NIGMS and Scholastic bring you our latest issue of Pathways, which focuses on superbugs—infectious microbes that can’t be fought off with medicines. Viruses that can’t be prevented with vaccines, such as the common cold, and antibiotic-resistant bacteria both fall into this category.
Pathways, designed for students in grades 6 through 12, is a collection of free resources that teaches students about basic science and its importance to health, as well as exciting research careers.
Sepsis is the body’s overactive and extreme response to an infection. It’s unpredictable, can progress rapidly, and affects more than 1.7 million people in the United States each year. Without prompt treatment, it can lead to tissue damage, organ failure, and death. NIGMS supports state-of-the-art sepsis research, including the development of rapid diagnostics and new therapeutics. September is Sepsis Awareness Month, and we’re highlighting a few resources that offer more information about this condition.
Our infographic provides details at a glance on basic statistics and the future of sepsis research. It’s also available in Spanish.
Sepsis is a serious medical condition caused by an overwhelming response to infection that damages tissues and organs. It’s unpredictable, progresses quickly, can strike anyone, and is a leading cause of hospital-related deaths. In the U.S. alone, nearly 270,000 people die each year from sepsis. Those who survive sepsis often end up in the hospital again, and some have long-term health complications. Early treatment is key for many patients to survive sepsis, yet doctors can’t easily diagnose it because it’s so complex and each patient is different.
Despite decades of research, sepsis remains a poorly understood condition with limited diagnostic tools and treatment. To tackle these obstacles, scientists Vincent Liu, Christopher Seymour, and Hallie Prescott have started using a “big data” approach, which relies on complex computer programs to sift through huge amounts of information. In this case, the computers analyze data such as demographic information, vital signs, and routine blood tests in the electronic health records of sepsis patients. The goal is to find patterns in the data that might help doctors understand, predict, and treat sepsis more effectively.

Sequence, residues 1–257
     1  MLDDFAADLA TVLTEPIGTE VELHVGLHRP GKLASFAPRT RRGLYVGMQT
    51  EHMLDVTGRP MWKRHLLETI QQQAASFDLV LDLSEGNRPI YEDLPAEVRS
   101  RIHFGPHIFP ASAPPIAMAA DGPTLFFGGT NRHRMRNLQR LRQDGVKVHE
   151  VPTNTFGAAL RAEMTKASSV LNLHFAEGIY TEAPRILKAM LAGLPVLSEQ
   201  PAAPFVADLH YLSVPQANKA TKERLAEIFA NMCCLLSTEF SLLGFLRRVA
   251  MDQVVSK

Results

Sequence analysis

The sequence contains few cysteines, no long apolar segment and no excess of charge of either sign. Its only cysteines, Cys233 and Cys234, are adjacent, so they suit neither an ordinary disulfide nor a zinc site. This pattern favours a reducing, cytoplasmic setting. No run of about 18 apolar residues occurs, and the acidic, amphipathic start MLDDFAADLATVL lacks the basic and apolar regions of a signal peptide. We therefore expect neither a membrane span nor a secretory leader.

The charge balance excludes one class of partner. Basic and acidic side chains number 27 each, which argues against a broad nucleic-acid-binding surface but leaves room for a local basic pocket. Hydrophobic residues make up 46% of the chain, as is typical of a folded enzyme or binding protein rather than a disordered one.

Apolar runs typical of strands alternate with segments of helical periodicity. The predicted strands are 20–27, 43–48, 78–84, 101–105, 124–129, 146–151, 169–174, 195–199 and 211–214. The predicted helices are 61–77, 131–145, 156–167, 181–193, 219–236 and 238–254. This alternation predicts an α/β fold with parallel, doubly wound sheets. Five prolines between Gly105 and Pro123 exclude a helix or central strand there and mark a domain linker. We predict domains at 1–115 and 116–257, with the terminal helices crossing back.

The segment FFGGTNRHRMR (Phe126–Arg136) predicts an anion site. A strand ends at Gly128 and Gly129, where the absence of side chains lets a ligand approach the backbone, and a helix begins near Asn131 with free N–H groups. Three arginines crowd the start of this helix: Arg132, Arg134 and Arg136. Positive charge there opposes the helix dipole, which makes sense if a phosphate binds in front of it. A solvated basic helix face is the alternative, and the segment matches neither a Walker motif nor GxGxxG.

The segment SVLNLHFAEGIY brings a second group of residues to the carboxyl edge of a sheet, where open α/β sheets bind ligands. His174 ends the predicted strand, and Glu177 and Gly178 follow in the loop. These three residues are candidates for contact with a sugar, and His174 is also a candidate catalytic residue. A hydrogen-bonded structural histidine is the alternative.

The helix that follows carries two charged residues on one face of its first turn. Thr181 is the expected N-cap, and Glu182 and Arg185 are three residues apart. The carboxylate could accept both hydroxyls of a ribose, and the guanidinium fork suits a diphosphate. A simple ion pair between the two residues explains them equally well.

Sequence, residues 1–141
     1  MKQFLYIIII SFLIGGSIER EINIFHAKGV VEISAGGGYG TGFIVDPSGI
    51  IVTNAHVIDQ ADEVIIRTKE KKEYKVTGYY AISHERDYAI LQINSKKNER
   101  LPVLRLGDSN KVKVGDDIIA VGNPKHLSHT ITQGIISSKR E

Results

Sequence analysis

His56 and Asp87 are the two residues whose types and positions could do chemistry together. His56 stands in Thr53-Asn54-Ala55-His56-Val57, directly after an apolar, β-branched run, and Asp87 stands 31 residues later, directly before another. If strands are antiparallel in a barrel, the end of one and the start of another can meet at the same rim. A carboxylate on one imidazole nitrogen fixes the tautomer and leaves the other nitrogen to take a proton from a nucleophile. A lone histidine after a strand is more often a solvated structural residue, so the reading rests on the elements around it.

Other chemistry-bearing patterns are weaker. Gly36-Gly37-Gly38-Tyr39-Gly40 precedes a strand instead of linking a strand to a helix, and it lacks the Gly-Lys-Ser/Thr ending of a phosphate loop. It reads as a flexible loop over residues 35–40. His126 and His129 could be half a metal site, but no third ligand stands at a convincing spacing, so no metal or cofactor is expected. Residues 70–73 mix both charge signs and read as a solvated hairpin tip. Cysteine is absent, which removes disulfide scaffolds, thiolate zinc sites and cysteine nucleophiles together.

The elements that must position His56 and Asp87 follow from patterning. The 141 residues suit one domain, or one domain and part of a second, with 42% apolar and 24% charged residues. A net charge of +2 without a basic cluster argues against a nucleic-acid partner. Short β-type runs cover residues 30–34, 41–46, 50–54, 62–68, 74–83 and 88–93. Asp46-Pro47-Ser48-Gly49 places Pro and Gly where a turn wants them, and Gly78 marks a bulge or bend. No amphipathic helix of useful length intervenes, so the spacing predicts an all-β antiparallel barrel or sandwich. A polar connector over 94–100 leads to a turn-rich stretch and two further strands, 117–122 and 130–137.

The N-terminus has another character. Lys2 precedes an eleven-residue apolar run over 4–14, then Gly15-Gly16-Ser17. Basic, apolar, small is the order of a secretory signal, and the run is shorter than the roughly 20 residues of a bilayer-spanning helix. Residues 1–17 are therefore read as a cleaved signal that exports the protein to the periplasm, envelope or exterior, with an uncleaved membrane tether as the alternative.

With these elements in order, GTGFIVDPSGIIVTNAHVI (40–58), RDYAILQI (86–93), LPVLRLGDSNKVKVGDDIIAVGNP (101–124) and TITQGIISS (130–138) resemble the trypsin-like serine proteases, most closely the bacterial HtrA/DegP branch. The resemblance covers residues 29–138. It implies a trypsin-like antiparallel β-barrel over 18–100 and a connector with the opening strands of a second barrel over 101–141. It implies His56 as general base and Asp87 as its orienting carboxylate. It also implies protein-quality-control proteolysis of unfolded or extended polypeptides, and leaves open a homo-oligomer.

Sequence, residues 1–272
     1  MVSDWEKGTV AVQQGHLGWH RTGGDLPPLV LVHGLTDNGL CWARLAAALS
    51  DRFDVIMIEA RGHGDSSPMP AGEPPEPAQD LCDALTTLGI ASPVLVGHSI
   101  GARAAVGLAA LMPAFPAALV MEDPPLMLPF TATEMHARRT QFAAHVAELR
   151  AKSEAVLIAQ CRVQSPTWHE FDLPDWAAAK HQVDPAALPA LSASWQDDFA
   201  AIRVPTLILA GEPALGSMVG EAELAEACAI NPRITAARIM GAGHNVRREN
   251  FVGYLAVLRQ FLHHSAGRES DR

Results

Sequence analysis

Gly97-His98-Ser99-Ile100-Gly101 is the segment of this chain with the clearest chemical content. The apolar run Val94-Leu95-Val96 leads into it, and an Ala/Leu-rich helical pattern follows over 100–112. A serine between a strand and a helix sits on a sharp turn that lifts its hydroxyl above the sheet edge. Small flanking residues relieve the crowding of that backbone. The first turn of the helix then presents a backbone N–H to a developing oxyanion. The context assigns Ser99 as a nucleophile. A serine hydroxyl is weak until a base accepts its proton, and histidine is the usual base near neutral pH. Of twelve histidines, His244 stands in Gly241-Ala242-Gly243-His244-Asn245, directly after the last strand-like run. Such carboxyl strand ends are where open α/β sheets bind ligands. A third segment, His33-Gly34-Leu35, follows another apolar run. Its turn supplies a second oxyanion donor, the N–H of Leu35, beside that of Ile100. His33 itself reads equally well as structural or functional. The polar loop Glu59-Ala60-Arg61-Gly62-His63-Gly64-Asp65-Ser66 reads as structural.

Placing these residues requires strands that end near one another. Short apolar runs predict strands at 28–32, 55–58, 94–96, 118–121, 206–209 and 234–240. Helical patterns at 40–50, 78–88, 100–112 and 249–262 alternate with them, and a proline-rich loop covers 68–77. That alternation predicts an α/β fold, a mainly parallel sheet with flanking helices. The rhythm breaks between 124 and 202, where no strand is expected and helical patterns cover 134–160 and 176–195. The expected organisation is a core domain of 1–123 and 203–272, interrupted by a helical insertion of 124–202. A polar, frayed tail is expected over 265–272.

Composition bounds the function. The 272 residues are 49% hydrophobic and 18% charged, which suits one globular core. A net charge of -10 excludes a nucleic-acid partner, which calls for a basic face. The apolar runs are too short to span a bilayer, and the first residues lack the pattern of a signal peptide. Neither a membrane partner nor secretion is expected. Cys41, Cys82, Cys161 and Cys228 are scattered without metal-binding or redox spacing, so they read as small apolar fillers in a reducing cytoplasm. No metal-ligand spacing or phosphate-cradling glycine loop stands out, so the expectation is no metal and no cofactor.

Credit: Rommie Amaro, Jacob Durrant, Adam Gardner, and colleagues.
Ah, December—a month suffused with light-filled holidays, presents, parties . . . and the spread of colds and flu. This playful image uses a festive approach to the serious science of understanding and finding ways to combat the flu virus.
For more than 30 years, NIGMS has supported the structural characterization of human immunodeficiency virus (HIV) enzymes and viral proteins. This support has been instrumental in the development of crucial drugs for antiretroviral therapy such as protease inhibitors. NIGMS continues to support further characterization of viral proteins as well as cellular and viral complexes. These complexes represent the fundamental interactions between the virus and its host target cell and, as such, represent potential new targets for therapeutic development.
In this third in a series of three video interviews with NIGMS-funded researchers probing the structure of HIV, Michael Summers, professor of biochemistry at the University of Maryland, Baltimore County, discusses his use of nuclear magnetic resonance (NMR) technology to study HIV. Of recent interest to Summers has been using NMR to investigate how HIV’s RNA enables the virus to reproduce. His goals for this line of research are to develop treatments against HIV as well as learning how to best engineer viruses to deliver helpful therapies to individuals with a variety of diseases.